• Conditions in Ireland between 1700 and 1750 were so awful, that it worked like poison in Swift’s blood.

Hard work and continuous disappointments undermined Swift’s health.

  • Hard work and continuous disappointments undermined Swift’s health.
  • By the end of 1731 his mind was failing rapidly.
  • In 1740 his memory and reason were gone and he became completely deaf.
  • He died onOctober,19, 1745 in Dublin.

“Gulliver’s Travels”

  • In “Gulliver’s Travels” Jonathan Swift satirized existing society in the form of imaginary travels. The scenes and nations described in the book are so extraordinary and amusing, that the novel is a great favourite both with children and grown-ups.
  • It tells of the adventures of a ship’s surgeon, as related by himself, and is divided into four parts, or four voyages.

Part 1. A Voyage to Liliput.

  • After being ship-wrecked, Gulliver gets safely ashore and finds himself in a strange country inhabited by a race of people about six inches high.
  • By making them so small Swift stresses their insignificance and makes the reader despise them.
  • It is easy to understand that Swift meant this small country to symbolize England of the 18th century; the government, the court and religious controversy.

Part 2. A Voyage to Brobdingnag.

  • The ship meets with a terrible storm and anchors near Brobdingnag, the land of the giants. While on shore, Gulliver is captured by the giants. On the whole, they are good-natured creatures and treat Gulliver kindly. Brobdingnag is an expression of Swift’s desire to find the ideal: an agricultural country ruled by an ideal monarch.

Part 3. A Voyage to Laputa, Balnibarbi, Luggnagg, Glubdubdrib, and Japan.

  • Describing Gulliver’s voyage to Laputa, a flying island, Swift attacks monarchs whose policy brings nothing but suffering to their subjects.
  • Swift’s indignation and the bitterness of his satire reach their climax when he shows the academy of sciences in Lagado, the city of the continent of Balnibarbi.
  • Swift ridicules the scientists of his time, who shut themselves in their chambers, isolated from the world.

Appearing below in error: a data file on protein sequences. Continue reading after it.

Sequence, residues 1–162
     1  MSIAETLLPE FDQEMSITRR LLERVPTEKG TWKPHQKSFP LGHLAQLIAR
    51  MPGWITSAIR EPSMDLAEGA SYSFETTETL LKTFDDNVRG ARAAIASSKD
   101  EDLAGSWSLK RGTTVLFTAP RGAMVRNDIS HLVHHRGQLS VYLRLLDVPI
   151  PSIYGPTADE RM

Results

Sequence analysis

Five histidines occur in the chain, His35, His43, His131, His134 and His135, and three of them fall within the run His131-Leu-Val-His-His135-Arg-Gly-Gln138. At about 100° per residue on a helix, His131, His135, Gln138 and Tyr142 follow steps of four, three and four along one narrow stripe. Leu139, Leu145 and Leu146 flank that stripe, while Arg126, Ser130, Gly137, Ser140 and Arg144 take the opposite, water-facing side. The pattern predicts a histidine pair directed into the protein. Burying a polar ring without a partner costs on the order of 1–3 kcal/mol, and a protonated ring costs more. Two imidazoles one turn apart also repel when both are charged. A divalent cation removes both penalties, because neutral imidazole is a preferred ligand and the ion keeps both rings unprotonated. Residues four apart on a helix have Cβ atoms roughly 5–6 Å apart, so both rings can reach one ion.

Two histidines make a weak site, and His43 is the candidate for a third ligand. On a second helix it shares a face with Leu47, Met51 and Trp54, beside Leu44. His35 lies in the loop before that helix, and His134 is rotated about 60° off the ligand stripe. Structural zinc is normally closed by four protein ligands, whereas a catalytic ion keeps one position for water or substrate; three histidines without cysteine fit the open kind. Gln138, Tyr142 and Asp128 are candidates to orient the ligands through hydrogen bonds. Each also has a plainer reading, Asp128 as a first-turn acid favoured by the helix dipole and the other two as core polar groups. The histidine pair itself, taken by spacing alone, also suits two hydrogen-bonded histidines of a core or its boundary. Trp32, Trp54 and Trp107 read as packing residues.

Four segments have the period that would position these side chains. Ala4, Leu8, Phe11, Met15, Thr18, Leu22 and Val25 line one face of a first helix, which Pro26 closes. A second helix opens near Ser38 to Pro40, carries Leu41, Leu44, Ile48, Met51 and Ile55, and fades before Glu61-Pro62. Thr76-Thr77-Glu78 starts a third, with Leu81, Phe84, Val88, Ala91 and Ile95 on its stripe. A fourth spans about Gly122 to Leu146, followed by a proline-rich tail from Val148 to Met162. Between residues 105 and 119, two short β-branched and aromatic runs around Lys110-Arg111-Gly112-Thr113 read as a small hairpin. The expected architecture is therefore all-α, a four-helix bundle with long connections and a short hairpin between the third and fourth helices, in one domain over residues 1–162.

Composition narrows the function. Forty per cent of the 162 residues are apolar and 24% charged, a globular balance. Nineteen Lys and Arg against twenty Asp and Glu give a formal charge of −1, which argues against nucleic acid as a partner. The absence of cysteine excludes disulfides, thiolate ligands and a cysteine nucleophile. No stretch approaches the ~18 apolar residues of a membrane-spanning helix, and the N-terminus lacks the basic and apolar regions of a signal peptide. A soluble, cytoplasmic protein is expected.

Part 4. A Voyage to the Country of Houyhnhnms.

  • The fourth voyage brings Gulliver to the ideal country of Houyhnhnms, where there is neither sickness, dishonesty, nor any of the frivolities of human society.
  • The human race occupies a position of servility there and a noble race of horses rules the country with reason and justice. The horses possess virtues which are superior to those of men.
  • Yahoos have much in common with human beings in appearance, but they are ugly, deceitful and vicious creatures.

Источники:

  • 1. Кукурян И.Л.,”An Outline of English Literature”, М., изд-во МГУ, 1997г.
  • 2. Волосова Т.Д., Геккер М.Ю. “English Literature”, М., изд-во «Просвещение», 1977г.
  • Иллюстрации:
  • http://rufoto.eu/keyword/свифт+джонатан
  • http://www.a-wee-bit-of-ireland.com/eire_jan_2004/st_kierans_1html
  • http://www.3dnews.ru/editorial/intel_ireland
  • http:excel.dev.webartstv.dio.md/postgraduate-in-ireland-Trinity –College-Dublin
  • http://forum.pnz.ru/pda/viewtopic.php?t=27411&start=105&
  • http:geeksofdom.com/2009/06/03/geek-peek-first-look-at-jack-black-in-gullivers-travels
  • http://www.artchive.com/web_gallery/A/Arthur-Rackham/original-watercolour-illustration-for-Gullivers-Travels-by-Swift-Gulliver-in- Brobdingnag-1909.html
  • http://www.gulliver.cc/gulliver/index.htm
  • http://riththewarluid.wordpress.com/page/2/
  • http://www.liveinternet.ru/users/kakula/post163189614/
  • http://www.tourgenius.ru/turism/sovety-turistam/1614729754
  • http://www.abeldanger.net/2010/07/abeldanger-coffee-house-bringback.html